07/06/2010 10:51 am ET | Updated Nov 17, 2011

Friend or Foe: Don't mess with my kid


Dear Irene,

I'm having a difficult time moving on after ending a toxic friendship. I began distancing myself from this friend once I realized she was toxic. However, our sons are both 3-years-old and were in the same preschool class. My son eventually bit this friend's son because he was tired of being bitten. Hers is a biter; mine is a pusher/shover.

After I began distancing myself, this friend and another woman complained so bitterly and consistently about my son's pushing and shoving in class that the school eventually wanted to know if we were abusing our son. The teachers felt they needed to isolate my son to "protect him." Many other things were happening but in the interest of brevity, I'll just say that we eventually pulled my son out of this classroom. I understand every mother's desire to protect their child, and can see---knowing what I do about her character/personality---the situation from her side. However, it doesn't excuse the events that happened and doesn't eliminate the fact that the school asked about abuse.

My son was observed by professionals and found to be very bright/verbal and displaying NORMAL toddler behavior. Meanwhile, my son can't possibly understand what is happening. We later found out that my husband and I intimidated the teachers and the director because we are both psychologists. The boss of these two individuals sat down with us and told us everything that was happening---that the teachers were not telling us---and also let us know that she, too, agreed our son was intelligent and normal.

My son has since begun a Montessori program and is doing wonderfully and thriving. My difficulty lies in: 1) I want to contact my ex-friend to express my hurt and anger and address these actions/issues but I'm still so hurt I'm not sure how to approach this without putting her on the defensive, and 2) I'm not sure how to handle future meetings with this woman and her family in our neighborhood. Our sons are too young to understand why their friendship was so abruptly halted, so when they see each other at the neighborhood playground they will want to play with each other. What is your advice? Thanks so much...these last few months have been torture.



Dear Tara,

I understand how painful this situation must be for you and your husband. Preschoolers often get into scuffles with other kids and, as you mention, parents can be quite defensive and even ferocious when they feel their children are being attacked.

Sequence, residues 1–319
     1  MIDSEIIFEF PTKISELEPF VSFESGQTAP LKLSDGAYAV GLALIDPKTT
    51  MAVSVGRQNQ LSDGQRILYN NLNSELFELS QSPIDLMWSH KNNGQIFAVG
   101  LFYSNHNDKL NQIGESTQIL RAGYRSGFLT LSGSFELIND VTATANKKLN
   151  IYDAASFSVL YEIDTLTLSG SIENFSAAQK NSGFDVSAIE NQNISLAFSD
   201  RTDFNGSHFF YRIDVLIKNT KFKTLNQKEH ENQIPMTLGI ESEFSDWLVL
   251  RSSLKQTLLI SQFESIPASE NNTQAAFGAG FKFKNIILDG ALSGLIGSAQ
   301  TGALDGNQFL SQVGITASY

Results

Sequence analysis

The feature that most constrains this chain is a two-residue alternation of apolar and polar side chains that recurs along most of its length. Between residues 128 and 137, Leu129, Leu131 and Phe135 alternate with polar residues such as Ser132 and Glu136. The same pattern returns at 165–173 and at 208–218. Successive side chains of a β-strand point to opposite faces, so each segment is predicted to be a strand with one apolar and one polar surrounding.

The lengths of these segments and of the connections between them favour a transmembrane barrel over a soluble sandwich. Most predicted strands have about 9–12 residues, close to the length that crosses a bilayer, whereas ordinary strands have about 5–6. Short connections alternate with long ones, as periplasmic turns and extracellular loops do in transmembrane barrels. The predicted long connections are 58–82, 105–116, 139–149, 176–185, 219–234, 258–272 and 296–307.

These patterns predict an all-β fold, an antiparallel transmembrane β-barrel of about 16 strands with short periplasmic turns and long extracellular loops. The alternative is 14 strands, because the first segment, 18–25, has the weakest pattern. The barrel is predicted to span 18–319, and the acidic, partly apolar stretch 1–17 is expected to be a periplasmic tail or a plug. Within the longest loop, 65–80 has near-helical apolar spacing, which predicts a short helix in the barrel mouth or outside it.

When my own son was in preschool, there was a "biter" in the classroom and a group of parents were adamant about trying to get a toddler removed from the school rather than figuring out a way with the teacher and family to change her behavior.

Nonetheless, it sounds like you need to move on from this friendship. Before the incident with your son, you realized that you needed to distance yourself from her. Now, given the allegations that were lodged against you, this relationship seems beyond repair. Had your friend come to you directly, instead of complaining to the school and other parents, things might have worked out differently.

It's great that you enrolled your son in the Montessori school where he has no history behind him and has probably matured by now. It also sounds like the last school didn't handle the situation very well.

As with any broken friendship, be cordial to the mom and say hello but I see no reason in trying to rehash the past. In terms of the kids, you can allow your son to play with hers as long as you carefully monitor the situation and make sure there are no problems. Limits need to be set so that the children respect one another and do not hurt one another while playing. Unfortunately, if the other mom feels differently, you may have to schedule your playground visits at times when she and her son aren't there.

I hope this helps!


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Irene S. Levine, PhD is a freelance journalist and author. She holds an appointment as a professor of psychiatry at the New York University School of Medicine and her book about female friendships, Best Friends Forever: Surviving A Breakup With Your Best Friend, was recently published by Overlook Press. She also co-authored Schizophrenia for Dummies (Wiley, 2008). She blogs about female friendships at The Friendship Blog and on Psychology Today.